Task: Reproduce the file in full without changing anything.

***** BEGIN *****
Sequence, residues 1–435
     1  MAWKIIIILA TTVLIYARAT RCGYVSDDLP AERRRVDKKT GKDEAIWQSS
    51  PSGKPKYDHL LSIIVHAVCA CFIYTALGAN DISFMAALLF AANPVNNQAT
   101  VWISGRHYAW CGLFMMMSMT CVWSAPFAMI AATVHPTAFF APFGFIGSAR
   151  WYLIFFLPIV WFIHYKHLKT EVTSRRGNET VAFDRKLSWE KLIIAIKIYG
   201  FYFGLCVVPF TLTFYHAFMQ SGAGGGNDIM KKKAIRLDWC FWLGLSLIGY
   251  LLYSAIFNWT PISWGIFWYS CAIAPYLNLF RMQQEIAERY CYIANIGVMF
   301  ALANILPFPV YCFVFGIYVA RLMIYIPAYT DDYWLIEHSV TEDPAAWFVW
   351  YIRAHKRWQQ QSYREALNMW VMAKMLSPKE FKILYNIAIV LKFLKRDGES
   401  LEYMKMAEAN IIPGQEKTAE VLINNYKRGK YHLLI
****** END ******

Sequence, residues 1–435
     1  MAWKIIIILA TTVLIYARAT RCGYVSDDLP AERRRVDKKT GKDEAIWQSS
    51  PSGKPKYDHL LSIIVHAVCA CFIYTALGAN DISFMAALLF AANPVNNQAT
   101  VWISGRHYAW CGLFMMMSMT CVWSAPFAMI AATVHPTAFF APFGFIGSAR
   151  WYLIFFLPIV WFIHYKHLKT EVTSRRGNET VAFDRKLSWE KLIIAIKIYG
   201  FYFGLCVVPF TLTFYHAFMQ SGAGGGNDIM KKKAIRLDWC FWLGLSLIGY
   251  LLYSAIFNWT PISWGIFWYS CAIAPYLNLF RMQQEIAERY CYIANIGVMF
   301  ALANILPFPV YCFVFGIYVA RLMIYIPAYT DDYWLIEHSV TEDPAAWFVW
   351  YIRAHKRWQQ QSYREALNMW VMAKMLSPKE FKILYNIAIV LKFLKRDGES
   401  LEYMKMAEAN IIPGQEKTAE VLINNYKRGK YHLLI